Neil Finnie is Founder of Corkscrew and The Generator Workhub.
Entrepreneurs are the perfect modern-day corkscrew thinkers
This month we talk to Neil Finnie, Founder of Corkscrew and The Generator Workhub. Neil reveals how he finds himself supporting the world of startups and why entrepreneurs are the modern-day corkscrew thinkers.
Can you tell us about your background and how it brought you to supporting the wonderful world of startups?
I've been involved in launching businesses from leaving school at 18, from companies in construction to hospitality, I've always loved being part of something that grows from an initial seed to something that has a direct impact in someone's everyday life. I've also found that my professional and personal development has come in direct correlation from the startup process, teaching myself how to build websites, how to market a product, learning how to do something for yourself is the best type of education anyone can get! Had you asked me 10 years ago would I be supporting other startups and entrepreneurs I would have laughed at the thought, like many founders I think you can have doubts about your own abilities and the idea of telling someone else what to do in their own business seemed alien to me, that's for the business professors and trainers.
However, seven years ago I launched an Internship Placement business, we would place (mainly US) students in international internships that matched their career goals or study focus, so marketing students in marketing companies, finance to finance and fashion to fashion, the same that has always been done. However, we noticed that after speaking to 1000s of students we felt that they weren't being prepared for the working world, education in its traditional sense is very linear, very A2B.
Companies are looking for graduates with initiative, confidence and with creative problem solving abilities, most of those we spoke to couldn't highlight any of these strengths in themselves. You could argue that the intern host should help the student to grow, but most placements only lasted 8 weeks and therefore not enough time for the companies to value the time/resources needed to develop a student who would ultimately leave to return to the US. This was a big issue as we felt the placements we provided weren't having the impact we wanted. Internally, I looked at the skills missing (initiative, confidence and creative problem solving) and asked if I had those skills, I felt I did...I then asked why? The answer was through my experiences in the world of startups. It was clear the process of launching a business from ideation to testing and launch developed the key skills companies are looking for in their employees...that cliché Eureka moment of why don't we develop a program that develops career skills through the process of startup...Corkscrew was created.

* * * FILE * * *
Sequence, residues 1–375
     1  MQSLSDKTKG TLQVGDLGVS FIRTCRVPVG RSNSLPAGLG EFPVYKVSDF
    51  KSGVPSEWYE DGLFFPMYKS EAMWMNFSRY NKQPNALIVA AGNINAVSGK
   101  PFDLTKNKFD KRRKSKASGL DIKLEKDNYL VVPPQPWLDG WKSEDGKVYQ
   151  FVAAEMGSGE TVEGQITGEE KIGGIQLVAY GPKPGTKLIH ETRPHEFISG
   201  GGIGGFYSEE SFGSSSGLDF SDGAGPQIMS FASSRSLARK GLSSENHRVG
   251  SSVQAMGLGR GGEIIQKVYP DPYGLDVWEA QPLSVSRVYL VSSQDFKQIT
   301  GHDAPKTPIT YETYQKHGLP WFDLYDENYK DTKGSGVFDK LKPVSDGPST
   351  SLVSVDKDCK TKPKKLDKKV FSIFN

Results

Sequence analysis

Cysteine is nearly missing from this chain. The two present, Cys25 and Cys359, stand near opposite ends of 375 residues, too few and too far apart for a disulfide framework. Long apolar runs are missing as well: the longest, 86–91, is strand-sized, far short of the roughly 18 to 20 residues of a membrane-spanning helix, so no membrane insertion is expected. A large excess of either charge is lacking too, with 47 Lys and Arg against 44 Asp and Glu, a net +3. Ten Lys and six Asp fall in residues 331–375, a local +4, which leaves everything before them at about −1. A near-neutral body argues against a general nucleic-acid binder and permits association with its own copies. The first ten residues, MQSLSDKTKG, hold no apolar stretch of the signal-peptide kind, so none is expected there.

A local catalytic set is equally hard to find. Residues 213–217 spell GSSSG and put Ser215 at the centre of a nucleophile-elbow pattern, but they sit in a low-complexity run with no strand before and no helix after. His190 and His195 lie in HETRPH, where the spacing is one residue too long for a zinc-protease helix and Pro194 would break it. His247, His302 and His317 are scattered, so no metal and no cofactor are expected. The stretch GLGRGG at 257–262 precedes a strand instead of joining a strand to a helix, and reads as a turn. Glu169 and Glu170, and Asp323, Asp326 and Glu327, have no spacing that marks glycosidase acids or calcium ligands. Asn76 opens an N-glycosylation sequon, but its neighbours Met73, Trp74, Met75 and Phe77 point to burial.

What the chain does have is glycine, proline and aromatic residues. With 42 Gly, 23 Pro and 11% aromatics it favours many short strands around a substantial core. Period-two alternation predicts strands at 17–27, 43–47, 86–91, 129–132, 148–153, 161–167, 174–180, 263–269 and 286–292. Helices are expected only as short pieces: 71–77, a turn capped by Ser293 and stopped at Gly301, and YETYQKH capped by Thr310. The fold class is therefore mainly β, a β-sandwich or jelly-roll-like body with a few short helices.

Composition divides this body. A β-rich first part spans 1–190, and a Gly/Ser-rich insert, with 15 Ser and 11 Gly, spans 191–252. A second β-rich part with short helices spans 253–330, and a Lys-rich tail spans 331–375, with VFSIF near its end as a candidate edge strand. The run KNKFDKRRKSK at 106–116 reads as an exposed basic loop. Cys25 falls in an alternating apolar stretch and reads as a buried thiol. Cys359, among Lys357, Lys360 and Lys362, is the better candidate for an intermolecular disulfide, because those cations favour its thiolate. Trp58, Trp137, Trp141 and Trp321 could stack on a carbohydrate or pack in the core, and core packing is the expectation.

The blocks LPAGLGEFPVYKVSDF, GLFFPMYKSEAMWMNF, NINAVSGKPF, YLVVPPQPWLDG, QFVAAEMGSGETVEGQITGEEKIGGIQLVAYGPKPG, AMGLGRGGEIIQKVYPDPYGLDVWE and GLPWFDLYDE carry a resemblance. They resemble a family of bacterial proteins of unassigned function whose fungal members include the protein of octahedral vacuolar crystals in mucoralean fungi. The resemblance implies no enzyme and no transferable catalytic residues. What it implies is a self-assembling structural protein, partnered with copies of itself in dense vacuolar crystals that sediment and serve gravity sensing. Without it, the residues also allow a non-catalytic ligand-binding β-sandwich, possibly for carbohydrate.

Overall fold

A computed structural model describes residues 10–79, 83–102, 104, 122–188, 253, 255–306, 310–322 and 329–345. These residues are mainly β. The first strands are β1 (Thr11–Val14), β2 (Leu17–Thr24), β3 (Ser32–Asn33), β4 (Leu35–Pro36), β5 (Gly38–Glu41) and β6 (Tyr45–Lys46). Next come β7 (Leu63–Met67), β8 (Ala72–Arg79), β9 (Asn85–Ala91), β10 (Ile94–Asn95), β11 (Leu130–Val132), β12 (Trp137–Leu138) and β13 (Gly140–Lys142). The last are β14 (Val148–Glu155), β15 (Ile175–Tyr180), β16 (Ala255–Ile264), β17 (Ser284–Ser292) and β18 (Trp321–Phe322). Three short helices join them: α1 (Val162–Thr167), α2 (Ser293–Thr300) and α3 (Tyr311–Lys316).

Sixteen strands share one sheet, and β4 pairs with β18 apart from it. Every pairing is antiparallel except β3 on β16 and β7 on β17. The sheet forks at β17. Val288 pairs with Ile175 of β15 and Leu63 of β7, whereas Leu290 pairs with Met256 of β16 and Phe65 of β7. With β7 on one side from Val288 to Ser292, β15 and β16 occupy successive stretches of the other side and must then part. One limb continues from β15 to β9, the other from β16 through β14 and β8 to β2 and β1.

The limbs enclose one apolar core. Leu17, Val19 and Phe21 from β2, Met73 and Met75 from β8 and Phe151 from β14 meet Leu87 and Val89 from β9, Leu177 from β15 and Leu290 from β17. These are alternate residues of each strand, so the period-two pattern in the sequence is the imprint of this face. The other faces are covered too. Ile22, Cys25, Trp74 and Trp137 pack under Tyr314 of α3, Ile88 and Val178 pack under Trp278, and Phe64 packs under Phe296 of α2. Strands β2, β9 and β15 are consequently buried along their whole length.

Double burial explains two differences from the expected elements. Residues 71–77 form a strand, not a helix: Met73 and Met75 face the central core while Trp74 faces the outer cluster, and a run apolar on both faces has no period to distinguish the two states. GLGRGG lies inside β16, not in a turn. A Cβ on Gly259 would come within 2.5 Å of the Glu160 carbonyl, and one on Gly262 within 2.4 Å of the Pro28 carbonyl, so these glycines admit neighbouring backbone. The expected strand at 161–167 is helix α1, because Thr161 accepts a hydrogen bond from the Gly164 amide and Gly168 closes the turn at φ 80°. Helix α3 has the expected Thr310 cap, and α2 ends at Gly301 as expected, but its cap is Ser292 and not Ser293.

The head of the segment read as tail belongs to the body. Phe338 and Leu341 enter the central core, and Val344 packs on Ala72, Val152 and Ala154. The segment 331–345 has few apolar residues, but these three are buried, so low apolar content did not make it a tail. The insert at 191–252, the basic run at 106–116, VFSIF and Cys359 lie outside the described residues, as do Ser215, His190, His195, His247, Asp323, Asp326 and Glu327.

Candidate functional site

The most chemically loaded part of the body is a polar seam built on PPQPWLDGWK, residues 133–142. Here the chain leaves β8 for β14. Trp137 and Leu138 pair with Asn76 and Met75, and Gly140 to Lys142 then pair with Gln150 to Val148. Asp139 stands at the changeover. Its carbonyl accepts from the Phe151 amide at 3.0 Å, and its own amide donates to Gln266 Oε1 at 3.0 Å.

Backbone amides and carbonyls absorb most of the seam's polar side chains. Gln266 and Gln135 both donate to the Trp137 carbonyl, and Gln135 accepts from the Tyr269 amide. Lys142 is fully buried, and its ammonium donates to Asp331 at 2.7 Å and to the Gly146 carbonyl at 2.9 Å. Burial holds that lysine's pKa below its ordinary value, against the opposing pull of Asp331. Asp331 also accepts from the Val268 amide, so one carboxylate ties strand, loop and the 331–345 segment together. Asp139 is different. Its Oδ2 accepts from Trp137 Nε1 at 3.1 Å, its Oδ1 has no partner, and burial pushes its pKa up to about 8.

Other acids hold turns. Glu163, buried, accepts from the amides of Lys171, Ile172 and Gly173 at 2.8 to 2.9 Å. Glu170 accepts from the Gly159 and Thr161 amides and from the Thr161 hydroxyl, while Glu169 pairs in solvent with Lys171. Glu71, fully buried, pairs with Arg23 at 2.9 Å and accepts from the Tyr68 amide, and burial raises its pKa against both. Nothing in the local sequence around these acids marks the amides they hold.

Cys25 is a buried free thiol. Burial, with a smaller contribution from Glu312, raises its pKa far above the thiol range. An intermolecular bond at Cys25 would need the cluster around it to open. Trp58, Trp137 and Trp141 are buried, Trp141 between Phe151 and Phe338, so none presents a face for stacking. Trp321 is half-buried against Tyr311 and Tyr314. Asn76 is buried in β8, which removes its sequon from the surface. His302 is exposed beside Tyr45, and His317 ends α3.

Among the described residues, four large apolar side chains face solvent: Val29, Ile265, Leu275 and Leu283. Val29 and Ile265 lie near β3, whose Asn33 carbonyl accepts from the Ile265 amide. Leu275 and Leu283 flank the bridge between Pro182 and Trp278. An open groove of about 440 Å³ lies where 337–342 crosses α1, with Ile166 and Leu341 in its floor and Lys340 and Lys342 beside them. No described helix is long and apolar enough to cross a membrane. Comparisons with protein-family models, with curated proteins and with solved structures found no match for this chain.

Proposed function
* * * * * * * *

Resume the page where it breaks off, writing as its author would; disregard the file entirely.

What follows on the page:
What can Corkscrew/The Generator offer entrepreneurs?
Corkscrew - our unique startup programs can help entrepreneurs spark new ideas and test their feasibility quickly through our SEAMLESS Canvas. We can also provide support/advice/investment to those wishing to move their ideas forward. However, Corkscrew is more focused on developing personal and professional skill sets, entrepreneurship and new startups is a secondary goal for us.